Ancient awe made new – Epiphany 3 C 2010

When Nehemiah rebuilt the walls of the ancient capital – there was, in the ruins, a treasure trove.

The scrolls of the law – long thought lost – were recovered intact.

It had been years – perhaps an entire generation –

since the people had heard the words directly from the page.

They had heard about the law – they had been encouraged by the memory of the law –

but no one could read them the words;

they couldn’t experience the law.

Their experience of the law becomes a festival of celebration – it became worship.

Ezra reads from a platform in the midst of the people.

Everyone who is old enough to understand is present – and they are stunned by what they hear.

Many are moved to tears.

Can you remember the last time Scripture moved you to tears?

Has there ever been a time when worship overwhelmed you –

that a full day of worship wasn’t enough?

It’s just the Bible, isn’t it.

It’s only worship (and please, can we be done by (10:30/noon)

we enjoy one another’s company – we like the music – the chance to pause and pray

(or at least listen to prayer) – but we always keep one eye on the clock.

Every one of us has somewhere else we need to be –

by Tuesday this is all a fairly distant (and mostly pleasant) memory.

For the people under Nehemiah’s care, the chance to re-connect with God’s promises to them was one that they couldn’t take for granted –

what precisely has happened to our experience of God…?

For starters, we have declared our experience of God to be intensely personal;

I can worship in my own way, after my own fashion – we say.

We are reluctant to admit how much worship means to us – how deeply Scripture affects us –

we’re too practical for that…

And the Bible is such a difficult text – so ancient – so awkward – so full of the unknown

and no two people (clergy or otherwise)

seem to be able to agree on what it means, or how it’s principles might apply to our lives.

So we talk about the Bible – we debate its history and hope against hope that some day we might unravel its “true meaning”…

And as far as worship is concerned, well it’s all right

but the old music is falling out of favour with the clergy

and the new music is difficult for the congregation to learn

and the choir just wants to sing…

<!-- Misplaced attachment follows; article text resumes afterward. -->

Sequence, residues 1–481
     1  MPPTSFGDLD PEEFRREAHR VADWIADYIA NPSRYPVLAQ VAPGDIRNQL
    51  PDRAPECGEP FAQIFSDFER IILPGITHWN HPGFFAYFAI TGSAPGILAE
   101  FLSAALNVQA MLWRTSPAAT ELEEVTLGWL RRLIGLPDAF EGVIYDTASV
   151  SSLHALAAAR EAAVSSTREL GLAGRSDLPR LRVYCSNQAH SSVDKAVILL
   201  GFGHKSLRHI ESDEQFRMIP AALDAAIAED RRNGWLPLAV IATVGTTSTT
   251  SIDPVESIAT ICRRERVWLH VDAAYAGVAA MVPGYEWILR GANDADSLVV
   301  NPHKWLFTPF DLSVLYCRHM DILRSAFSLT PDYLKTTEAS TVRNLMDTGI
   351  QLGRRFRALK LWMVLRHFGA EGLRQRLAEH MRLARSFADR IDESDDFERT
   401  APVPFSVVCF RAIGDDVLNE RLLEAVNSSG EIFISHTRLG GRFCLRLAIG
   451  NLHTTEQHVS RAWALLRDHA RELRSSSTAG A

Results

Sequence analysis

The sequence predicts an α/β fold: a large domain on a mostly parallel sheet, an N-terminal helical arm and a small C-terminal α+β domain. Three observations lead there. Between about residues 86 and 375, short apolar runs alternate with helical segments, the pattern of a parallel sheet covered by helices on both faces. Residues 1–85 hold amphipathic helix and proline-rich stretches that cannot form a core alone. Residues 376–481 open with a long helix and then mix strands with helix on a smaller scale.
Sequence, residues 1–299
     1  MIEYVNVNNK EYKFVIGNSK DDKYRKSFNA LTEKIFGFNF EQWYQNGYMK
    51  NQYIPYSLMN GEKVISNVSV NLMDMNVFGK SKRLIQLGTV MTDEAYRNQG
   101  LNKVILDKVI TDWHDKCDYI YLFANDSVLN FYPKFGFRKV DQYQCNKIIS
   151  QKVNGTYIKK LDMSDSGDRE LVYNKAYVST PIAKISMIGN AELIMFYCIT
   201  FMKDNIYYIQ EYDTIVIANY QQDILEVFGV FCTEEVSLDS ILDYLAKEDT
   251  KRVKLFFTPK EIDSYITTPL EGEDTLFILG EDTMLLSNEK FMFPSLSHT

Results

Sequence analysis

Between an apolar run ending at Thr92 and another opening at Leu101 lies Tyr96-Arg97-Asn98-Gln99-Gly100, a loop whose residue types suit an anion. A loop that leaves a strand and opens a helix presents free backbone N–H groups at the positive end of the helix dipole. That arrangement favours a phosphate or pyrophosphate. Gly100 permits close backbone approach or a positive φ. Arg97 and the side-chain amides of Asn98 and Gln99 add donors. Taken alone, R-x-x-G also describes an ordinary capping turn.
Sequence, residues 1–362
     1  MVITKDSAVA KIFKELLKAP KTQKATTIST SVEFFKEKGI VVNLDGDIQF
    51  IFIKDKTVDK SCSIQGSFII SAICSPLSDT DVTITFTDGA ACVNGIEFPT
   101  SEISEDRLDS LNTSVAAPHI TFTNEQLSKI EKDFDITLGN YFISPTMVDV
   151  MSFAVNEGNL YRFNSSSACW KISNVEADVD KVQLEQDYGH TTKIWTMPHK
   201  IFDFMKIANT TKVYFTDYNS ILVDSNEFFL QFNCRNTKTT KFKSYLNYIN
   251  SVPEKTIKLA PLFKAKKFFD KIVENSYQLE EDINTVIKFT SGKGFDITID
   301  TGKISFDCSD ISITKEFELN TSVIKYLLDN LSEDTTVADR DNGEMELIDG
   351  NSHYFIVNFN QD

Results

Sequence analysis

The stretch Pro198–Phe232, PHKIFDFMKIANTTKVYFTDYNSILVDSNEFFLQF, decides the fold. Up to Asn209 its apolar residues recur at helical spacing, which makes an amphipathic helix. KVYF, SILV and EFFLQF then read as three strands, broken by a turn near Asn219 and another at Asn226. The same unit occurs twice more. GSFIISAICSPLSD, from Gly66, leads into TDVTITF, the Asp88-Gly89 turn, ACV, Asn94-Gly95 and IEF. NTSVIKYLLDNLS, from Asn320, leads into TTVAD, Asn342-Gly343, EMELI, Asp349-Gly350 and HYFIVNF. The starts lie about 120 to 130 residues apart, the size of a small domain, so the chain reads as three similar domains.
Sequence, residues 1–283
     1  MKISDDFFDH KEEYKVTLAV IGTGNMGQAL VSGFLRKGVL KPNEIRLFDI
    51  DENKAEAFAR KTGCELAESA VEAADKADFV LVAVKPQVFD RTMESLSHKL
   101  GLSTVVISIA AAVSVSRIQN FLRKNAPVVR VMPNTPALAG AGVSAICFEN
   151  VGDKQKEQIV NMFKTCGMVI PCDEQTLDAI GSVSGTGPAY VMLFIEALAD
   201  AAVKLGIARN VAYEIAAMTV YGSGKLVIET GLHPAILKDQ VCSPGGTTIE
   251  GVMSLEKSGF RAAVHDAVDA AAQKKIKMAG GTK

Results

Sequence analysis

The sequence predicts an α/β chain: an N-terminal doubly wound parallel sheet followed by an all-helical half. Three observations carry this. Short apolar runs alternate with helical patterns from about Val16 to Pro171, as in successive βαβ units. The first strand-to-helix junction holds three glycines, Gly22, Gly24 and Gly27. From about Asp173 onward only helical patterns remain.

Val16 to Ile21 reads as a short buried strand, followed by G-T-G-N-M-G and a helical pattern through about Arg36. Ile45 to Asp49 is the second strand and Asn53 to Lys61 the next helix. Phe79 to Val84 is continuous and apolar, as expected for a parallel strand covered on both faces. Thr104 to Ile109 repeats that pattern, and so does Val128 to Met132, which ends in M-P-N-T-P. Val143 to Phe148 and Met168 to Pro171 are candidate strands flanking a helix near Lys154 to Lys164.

Prayer is necessary, of course, but does it have to take so long?

And those rituals that we have, we don’t really understand.

Is this what God needs to reveal God’s self to us?

We are not far from the thinking of those faithful few gathered on that Sabbath in Nazareth, really.

Sure that God was somewhere in the muddled mess of what worship had become,

they had gathered yet again as a vaguely familiar figure stood and took the scroll to read…(Luke 4: 16)

Jesus had been making the rounds – teaching to high praise in the surrounding countryside –

but here at home (Nazareth) we witness a change.

He stopped explaining the lesson and became the lesson. (Luke 4: 21)

He claimed more than the promises of God – he claimed to be the promise.

This was an altogether different experience of God –

an experience that filled the people with fear and dread.

Next week we will read how they treated Jesus

as he confronted them with this God experience

but know that it was traumatic.

And that, dear friends, is where we are.

No one who visited us could question our faith – our long years of constant witness do not go unnoticed.

And I pray that no one would doubt that we are hopeful in our gathering, in our worship,

that God might be revealed – might break in to our lives and confirm our faith

in spectacular and tangible ways…

but it’s not happening, is it.

Here we wait – for God to work – for the earth to move –

for the kingdom to be made plain to our eager eyes –

but it’s only words – It’s only worship.

It just doesn’t make sense to us.

But our world is changing – the church is changing –

and that moment of wonder may be closer than we think.

We will not be able to have that “Jesus” experience –

the one where he literally brings the text to life as he did that day in Nazareth

but we are invited to take the Word into us –

to give life to the text by our changed lives.

Every week comes the chance to be moved to tears by the majesty of God’s being –

to stand in awe of God’s lasting promises, revealed in Scripture –

to linger over the worship that it is our privilege to offer.

We have that opportunity, because we follow the one who stood and said

today, this word has come true in your hearing – this is the year of the Lord’s favour.

Today, the Word stands among us – risen and perfected –

today, we have heard again the promise of God’s kingdom –

relief from oppression, freedom from bondage.

Today we have another chance to experience the God of our salvation –

stand in awe of the revelation of God and Rejoice

for that ancient treasure is ours today

by grace, through Christ, who still demands our attention and claims our hearts.

Amen.

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